Specialized S-Works Project Black prototype tubeless tires WorldTour Amgen Tour of California ToC Fabio Jakobsen, photo by Chris Graythen of Getty Images

His teammate and Danish national champ Michael Mørkøv spoke about a distinct feeling of lower resistance, ‘really good grip’, and feeling ‘much faster’ on the tubeless tires vs. tubulars. It’s important to note that these guys are comparing ride quality & performance to the 290tpi cotton S-Works Turbo tubulars they have been racing, widely held to be some of the best tubulars out there.

Specialized S-Works Project Black prototype tubeless tires WorldTour Amgen Tour of California ToC Fabio Jakobsen, photo by Chris Graythen of Getty Images

So we have to assume that these Specialized Project Black tubeless prototypes feature both supple casing construction, and premium Gripton rubber compounds, in addition to direct tubeless benefits.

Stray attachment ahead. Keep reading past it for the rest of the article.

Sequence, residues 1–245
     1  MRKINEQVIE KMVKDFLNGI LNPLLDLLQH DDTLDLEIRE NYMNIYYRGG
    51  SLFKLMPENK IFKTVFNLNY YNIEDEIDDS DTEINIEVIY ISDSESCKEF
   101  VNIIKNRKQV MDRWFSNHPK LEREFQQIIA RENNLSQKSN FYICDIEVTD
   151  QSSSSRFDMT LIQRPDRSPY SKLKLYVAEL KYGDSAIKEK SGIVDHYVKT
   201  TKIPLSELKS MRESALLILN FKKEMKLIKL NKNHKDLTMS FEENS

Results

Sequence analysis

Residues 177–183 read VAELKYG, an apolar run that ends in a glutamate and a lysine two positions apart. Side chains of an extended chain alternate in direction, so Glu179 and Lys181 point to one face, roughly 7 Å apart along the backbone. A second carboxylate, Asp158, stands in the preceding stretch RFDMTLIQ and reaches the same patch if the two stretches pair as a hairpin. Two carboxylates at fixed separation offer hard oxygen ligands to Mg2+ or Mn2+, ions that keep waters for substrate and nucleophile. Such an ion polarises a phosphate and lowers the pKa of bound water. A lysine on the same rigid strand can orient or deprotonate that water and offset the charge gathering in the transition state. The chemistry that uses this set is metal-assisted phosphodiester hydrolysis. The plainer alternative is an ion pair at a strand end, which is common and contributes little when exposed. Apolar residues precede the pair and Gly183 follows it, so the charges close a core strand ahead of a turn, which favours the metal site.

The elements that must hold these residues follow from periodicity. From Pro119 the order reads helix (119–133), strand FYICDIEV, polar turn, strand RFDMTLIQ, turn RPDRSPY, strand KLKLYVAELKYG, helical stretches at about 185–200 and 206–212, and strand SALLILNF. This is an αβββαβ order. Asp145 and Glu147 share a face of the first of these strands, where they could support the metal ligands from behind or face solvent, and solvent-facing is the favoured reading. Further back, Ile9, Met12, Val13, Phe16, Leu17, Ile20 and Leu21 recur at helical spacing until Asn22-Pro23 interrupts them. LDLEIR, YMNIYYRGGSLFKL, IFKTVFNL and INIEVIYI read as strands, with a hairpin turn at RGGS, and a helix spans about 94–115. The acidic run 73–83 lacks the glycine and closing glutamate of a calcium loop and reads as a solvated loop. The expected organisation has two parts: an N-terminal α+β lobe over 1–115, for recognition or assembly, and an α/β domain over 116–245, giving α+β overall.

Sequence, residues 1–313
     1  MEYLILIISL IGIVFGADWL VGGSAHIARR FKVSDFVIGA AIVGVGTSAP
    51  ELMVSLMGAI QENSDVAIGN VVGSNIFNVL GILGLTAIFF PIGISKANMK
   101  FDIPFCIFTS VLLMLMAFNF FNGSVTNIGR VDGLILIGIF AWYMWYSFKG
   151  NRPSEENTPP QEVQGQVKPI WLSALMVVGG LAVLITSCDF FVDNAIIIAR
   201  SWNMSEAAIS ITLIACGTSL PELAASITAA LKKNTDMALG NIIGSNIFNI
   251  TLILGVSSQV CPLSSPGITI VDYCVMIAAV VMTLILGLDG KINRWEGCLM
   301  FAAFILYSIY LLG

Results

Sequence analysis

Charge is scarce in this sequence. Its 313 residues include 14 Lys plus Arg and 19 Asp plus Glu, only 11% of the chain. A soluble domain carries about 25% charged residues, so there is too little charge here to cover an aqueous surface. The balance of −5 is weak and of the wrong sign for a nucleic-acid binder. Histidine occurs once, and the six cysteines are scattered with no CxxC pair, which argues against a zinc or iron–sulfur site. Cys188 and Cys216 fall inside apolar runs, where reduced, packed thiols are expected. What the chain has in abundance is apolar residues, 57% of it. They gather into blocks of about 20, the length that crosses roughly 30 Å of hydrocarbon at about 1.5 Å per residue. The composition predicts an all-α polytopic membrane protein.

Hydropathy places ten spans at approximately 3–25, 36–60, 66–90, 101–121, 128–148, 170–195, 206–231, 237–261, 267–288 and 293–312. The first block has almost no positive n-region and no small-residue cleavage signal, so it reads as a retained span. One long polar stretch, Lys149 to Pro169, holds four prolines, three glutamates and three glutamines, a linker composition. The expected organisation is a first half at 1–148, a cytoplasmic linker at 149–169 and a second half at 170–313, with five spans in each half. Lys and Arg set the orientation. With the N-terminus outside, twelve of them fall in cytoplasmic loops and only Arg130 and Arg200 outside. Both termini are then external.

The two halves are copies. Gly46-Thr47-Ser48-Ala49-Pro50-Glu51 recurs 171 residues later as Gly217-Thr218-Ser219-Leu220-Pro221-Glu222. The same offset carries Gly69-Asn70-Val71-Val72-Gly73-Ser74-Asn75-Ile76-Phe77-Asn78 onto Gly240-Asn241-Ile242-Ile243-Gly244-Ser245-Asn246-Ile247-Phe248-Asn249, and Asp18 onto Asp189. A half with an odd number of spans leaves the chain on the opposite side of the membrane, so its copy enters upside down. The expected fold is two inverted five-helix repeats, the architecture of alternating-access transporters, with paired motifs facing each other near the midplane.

As for more concrete details, Specialized says, “We have no further information to provide on this product other than to say Specialized firmly believes the future of road tire technology, both racing at the highest level and for every rider, is tubeless. The speed, handling, comfort and flat protection of tubeless tires is a benefit for every rider and something our athletes believe in as much as we do.


    • Celest Greene on

      Compared to tubulars? Tubeless is a cinch.

      In the desert, it only takes a weekly pressure check and sealant refresh every 4-6mo to keep tubeless happy. And thorn/glass small punctures are largely a memory.

      • Bill Bob on

        “And thorn/glass small punctures are largely a memory.” Or cause a sealant fountain and mess up all your bike…

  1. Joenomad on

    Tubeless tires and disc brakes, let the ranting about losing rim brakes and tubular tires begin!
    Also edit this: “In his first appearance at the Tour of California appearance”

  2. MaxG on

    Specialized ads like these actually hurt both Specialized AND BikeRumor more than they realize.